steamed persimmon pudding and salads. This year I decided to try something different (along with the old standards), because when you have a persimmon tree AND people keep bringing you sacks full from their trees, you have to get creative. You only have a small window when they're ripe enough for baking before they literally melt out of their skins, so I've started pureeing and freezing for use later in the winter. But I can't vouch for how that ultimately turns out. This tea cake is lovely for breakfast, but also tasty as an afternoon snack with some milky tea or a rich latte. Serve it with a dollop of whipped cream, or perhaps even make a cream cheese sandwich from a few slices!
Persimmon Tea Cake from Local Flavors by Deborah Madison 2 large, dead-ripe Hachiya persimmons, enough for 1 cup puree 2 teaspoons baking soda 1 1/2 ccups all purpose flour 1/2 teaspoons sea salt 1 teaspoon ground cinnamon 1/4 teaspoon ground allspice (I used nutmeg because I didn't have allspice) 1/8 teaspoon ground cloves 1/2 cup (1 stick) unsalted butter, room temp 1 cup light brown sugar 1 egg, room temp 1 teaspoon vanilla extract 1 cup chopped walnuts grated zest of 1 lemon or 1/3 cup candied grapefruit peel 1/2 cup raisins 1/2 cup chopped dates (If possible, get these from the farmer's market! They are so much better and juicier than ones from the grocery store.) Preheat oven to 350°F. Butter and flour an 8 inch spring form pan. Open the persimmons lengthwise, pick out any seeds, then scrape the pulp into a small bowl. Puree (in the food processor), measure out 1 cup and stir in the baking soda. Combine the flour, salt, and spices in a bowl. Cream the butter and sugar until smooth, then beat in the egg, vanilla, and finally the persimmon puree. Add the flour mixture and stir until just mixed. Fold in the walnuts, lemon zest, raisins, and dates. Scrape the batter into the spring form pan and pop it into the middle of the oven. Reduce heat to 325ºF and bake for 1 hour and 15 minutes. Let cool for 10 minutes or so before removing the rim. A note on the baking: You of course know your oven better than any cookbook. Mine is a vintage O'Keefe & Merritt, which while charming and fun to have in the kitchen, is not the most reliable for baking. I usually set it slightly under recommended temperature and tent the top of my cakes with foil. And I never leave it in as long as directions suggest. But I've left in Deborah's original instructions for those of you with well-behaved ovens.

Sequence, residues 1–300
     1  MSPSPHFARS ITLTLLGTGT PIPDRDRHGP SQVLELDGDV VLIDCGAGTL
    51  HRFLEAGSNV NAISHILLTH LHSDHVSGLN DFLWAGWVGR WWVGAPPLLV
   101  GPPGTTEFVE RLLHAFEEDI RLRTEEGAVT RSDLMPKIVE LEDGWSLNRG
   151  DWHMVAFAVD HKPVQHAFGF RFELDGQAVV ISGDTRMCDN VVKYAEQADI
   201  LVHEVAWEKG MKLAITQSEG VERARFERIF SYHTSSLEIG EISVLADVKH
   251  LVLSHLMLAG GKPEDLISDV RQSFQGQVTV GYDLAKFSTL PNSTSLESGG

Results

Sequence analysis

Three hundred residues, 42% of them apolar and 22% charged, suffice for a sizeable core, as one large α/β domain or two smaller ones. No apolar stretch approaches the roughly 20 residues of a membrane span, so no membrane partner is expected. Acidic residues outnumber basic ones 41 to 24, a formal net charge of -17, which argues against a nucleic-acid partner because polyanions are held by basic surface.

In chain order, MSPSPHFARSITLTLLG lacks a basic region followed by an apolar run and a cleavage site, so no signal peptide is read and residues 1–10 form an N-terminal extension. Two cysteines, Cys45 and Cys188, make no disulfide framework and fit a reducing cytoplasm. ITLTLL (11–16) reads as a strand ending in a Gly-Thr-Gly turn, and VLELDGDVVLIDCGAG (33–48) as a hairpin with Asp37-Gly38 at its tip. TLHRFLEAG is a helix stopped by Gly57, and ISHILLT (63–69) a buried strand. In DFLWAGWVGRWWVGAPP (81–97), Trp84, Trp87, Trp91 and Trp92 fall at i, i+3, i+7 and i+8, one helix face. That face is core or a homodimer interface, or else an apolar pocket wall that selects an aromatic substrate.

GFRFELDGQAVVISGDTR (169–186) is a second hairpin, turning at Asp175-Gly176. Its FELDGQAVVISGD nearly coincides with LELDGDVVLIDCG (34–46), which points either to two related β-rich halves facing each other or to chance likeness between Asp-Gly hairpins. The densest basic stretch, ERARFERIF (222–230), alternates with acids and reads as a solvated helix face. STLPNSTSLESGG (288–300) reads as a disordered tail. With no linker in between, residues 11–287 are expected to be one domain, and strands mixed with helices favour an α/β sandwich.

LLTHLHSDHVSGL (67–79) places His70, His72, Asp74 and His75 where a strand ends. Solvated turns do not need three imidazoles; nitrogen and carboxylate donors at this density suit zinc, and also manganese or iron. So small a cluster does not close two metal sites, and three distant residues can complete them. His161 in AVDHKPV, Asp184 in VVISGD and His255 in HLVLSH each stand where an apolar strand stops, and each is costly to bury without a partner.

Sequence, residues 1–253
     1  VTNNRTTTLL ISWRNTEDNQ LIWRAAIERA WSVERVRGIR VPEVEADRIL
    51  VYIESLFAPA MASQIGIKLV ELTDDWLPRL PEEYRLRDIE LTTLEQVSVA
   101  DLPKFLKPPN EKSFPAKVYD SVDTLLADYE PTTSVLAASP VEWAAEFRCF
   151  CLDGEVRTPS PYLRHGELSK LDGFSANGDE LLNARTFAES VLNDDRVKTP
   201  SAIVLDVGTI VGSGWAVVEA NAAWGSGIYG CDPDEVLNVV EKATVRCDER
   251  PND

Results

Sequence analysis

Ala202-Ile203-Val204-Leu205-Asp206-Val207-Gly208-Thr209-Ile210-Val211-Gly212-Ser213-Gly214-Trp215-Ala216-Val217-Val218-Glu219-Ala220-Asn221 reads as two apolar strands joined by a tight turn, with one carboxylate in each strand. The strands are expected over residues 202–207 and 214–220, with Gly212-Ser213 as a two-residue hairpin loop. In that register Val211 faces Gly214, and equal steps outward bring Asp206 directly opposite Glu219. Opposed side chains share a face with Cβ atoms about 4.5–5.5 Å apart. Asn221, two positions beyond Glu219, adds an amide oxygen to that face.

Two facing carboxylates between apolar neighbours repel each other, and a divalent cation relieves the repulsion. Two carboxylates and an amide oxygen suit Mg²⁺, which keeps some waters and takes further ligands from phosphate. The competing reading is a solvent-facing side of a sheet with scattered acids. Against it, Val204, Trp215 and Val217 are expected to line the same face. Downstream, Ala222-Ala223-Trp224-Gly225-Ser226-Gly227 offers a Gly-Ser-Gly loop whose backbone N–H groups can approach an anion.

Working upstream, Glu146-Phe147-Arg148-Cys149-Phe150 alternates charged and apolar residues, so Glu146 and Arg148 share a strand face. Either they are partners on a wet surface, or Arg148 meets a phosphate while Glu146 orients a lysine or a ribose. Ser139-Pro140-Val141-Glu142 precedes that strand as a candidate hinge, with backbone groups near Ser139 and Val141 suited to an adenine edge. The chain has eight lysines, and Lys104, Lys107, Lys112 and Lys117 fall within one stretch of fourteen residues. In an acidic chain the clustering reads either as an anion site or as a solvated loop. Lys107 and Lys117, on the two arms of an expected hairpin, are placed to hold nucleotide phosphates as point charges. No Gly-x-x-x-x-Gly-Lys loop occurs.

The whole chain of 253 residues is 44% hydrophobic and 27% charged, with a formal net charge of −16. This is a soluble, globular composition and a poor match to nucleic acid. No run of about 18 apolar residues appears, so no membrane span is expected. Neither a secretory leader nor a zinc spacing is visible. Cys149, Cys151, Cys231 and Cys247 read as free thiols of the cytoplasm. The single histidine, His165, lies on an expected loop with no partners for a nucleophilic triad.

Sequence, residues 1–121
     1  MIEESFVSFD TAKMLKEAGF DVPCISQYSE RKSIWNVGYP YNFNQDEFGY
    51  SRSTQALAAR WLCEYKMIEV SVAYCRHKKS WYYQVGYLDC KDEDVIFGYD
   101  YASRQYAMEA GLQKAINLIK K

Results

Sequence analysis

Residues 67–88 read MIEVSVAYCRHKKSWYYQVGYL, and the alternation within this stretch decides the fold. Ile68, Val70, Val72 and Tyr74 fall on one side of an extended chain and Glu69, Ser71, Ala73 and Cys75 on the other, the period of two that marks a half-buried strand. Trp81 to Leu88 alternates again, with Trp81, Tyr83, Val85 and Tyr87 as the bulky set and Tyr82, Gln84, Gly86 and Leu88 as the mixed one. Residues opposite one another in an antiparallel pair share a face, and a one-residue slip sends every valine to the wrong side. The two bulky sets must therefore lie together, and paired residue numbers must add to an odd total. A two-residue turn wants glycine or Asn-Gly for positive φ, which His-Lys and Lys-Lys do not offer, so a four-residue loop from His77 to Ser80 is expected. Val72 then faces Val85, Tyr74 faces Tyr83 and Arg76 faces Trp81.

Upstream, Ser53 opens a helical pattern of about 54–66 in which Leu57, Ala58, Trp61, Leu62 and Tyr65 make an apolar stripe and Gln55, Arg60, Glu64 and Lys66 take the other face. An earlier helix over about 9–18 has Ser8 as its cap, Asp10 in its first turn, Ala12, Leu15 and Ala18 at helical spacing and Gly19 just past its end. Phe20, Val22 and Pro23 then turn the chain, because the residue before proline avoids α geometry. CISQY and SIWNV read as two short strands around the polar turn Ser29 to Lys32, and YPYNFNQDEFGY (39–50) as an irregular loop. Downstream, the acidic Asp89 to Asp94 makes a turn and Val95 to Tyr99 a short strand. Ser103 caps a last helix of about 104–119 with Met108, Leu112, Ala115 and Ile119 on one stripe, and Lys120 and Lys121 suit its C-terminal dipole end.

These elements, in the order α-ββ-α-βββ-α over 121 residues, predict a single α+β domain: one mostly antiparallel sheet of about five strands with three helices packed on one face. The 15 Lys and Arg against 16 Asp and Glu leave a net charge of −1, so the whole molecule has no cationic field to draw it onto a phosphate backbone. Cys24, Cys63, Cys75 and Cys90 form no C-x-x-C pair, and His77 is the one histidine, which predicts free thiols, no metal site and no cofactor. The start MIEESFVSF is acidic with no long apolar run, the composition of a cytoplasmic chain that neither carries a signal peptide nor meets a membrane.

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Thank you so much for sharing, Kristina!
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